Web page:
To summarize the important points of dialect geography in the Eurasian spread zone, the hallmark of a language family that enters a spread zone as an undifferentiated single language and diversifies while spreading is a multiple branching from the root. This is the structure of the IE tree, which has the greatest number of primary branches of any known genetic grouping of comparable age. The hallmark of developments that arise in or near the locus is that they appear along more than one trajectory. This is the distribution of the centum/satem division in IE, and in the later Indo-Iranian spread it is the distribution of the Indo-Aryan/Iranian split (as argued in Nichols, Volume II). The reason that dialect divisions arising in the locus show up along more than one trajectory is that the Caspian Sea divides westward spreads into steppe versus desert trajectories quite close to the locus and hence quite early in the spread. In contrast, developments that occurred farther west, as the split of Slavic from Baltic in the middle Volga may have, continue to spread along only one trajectory.This is why the Pontic steppe is an unlikely locus for the PIE spread. (THE EPICENTRE OF INDO-EUROPEAN LINGUISTIC SPREAD – pgs 137-138)
She further states in her 2nd article,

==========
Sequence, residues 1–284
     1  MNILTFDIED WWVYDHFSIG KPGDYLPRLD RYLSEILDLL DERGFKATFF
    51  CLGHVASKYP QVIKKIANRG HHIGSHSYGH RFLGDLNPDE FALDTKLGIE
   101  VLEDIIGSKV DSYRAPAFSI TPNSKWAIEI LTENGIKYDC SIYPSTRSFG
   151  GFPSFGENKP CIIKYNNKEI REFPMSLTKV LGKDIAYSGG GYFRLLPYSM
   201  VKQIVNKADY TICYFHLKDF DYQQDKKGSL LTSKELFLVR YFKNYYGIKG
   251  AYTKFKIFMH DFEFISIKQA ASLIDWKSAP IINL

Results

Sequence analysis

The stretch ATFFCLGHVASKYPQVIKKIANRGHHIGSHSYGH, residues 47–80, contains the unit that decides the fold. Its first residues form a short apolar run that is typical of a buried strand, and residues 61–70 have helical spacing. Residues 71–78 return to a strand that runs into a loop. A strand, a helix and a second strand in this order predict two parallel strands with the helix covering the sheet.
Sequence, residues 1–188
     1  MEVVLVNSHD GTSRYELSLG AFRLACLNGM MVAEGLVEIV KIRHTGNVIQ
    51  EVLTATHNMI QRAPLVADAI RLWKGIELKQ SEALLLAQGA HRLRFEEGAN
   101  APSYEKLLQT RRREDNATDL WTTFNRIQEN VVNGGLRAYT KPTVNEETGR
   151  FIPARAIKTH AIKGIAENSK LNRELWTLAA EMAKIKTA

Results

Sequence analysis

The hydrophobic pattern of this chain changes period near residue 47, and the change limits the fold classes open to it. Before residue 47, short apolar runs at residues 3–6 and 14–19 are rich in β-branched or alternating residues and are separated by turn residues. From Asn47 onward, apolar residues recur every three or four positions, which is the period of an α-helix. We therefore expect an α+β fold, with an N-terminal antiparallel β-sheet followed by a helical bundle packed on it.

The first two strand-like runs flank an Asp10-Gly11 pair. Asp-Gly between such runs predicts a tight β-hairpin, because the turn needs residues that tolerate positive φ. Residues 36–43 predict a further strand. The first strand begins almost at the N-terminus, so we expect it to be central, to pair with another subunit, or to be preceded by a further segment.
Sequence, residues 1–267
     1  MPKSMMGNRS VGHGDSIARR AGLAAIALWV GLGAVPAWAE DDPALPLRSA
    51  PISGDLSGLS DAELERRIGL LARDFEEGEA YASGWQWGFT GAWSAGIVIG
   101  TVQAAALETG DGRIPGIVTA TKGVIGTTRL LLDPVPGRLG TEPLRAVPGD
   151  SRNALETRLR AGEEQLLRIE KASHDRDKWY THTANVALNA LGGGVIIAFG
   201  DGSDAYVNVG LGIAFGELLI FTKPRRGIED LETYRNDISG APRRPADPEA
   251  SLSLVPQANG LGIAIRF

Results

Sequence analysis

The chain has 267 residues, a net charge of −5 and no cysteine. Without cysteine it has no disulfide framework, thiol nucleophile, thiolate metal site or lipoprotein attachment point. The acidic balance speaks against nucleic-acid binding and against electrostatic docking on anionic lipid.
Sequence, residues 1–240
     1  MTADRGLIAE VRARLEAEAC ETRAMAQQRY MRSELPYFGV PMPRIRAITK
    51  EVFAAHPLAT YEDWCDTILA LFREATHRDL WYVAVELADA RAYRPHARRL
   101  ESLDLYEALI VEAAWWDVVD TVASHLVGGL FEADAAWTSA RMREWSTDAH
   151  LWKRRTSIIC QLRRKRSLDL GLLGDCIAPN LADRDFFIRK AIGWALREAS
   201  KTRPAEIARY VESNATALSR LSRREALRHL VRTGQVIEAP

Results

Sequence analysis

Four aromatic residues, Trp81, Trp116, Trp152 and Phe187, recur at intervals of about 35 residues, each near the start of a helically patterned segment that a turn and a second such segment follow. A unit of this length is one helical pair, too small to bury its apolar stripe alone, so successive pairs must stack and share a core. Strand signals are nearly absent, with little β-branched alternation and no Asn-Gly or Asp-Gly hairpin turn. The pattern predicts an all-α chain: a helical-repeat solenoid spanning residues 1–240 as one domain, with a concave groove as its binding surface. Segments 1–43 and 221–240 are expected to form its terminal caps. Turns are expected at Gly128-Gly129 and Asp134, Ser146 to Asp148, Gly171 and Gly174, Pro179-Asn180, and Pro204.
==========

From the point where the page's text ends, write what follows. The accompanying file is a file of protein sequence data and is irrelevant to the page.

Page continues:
IE homeland studies so far have had to resolve the dilemma of how to reconcile conflicting lexical evidence about the IE homeland. Were the Indo-Europeans pastoralists or agriculturalists? The lexical evidence can be used to support both viewpoints (for a summary and argument in favour of agriculture see Diebold 1992). If they were a people of the dry grasslands, how do we explain the presence in their language of words for ‘beaver’, ‘birch’, and ‘oak’, the latter with extensive mythic and cultural salience (Friedrich 1970:129ff.)? If they were steppe pastoralists, how do we explain the presence of words for ‘double door’ and ‘enclosed yard or garden’ suggestive of dwellings in the urban Near East (Gamkrelidze and Ivanov [1984:741ff.] 1994:645ff.)? If they were nomadic herders of the plains, how is the presence of a word for ‘pig’ explained? A homeland reconstructed as locus, trajectory and range removes the dilemma: a locus in the vicinity of Bactria-Sogdiana implies a spread beginning at the frontier of ancient Near Eastern civilization and a range throughout the steppe and central Asia, following the east-to-west trajectory, with occasional or periodic spreads into the Danube plain and Anatolia. The PIE ecological and cultural world, then, included the forested mountains southeast of the Kazakh steppe, the dry eastern steppes, the Central Asian deserts, the urbanized oases of southern Turkmenistan and Bactria-Sogdiana, the eastern extension of the urban Near East, the rich grasslands of the Black Sea steppe, the southern edge of the forest-steppe zone and the Siberian taiga, fresh-water lakes, and salt seas (the Aral and Caspian). The economy of the Indo-Europeans included dry-grasslands pastoralism, settled farming, mixed herding and farming, and trade, including not only trade between farmers and herders in central Asia but also, importantly, control of the antecedents to the Silk Route and the trade connections with India to the south. This economic and ecological diversity is reflected in the vocabulary of PIE. (THE EURASIAN SPREAD ZONE & INDO-EUROPEAN DISPERSAL, pg 233)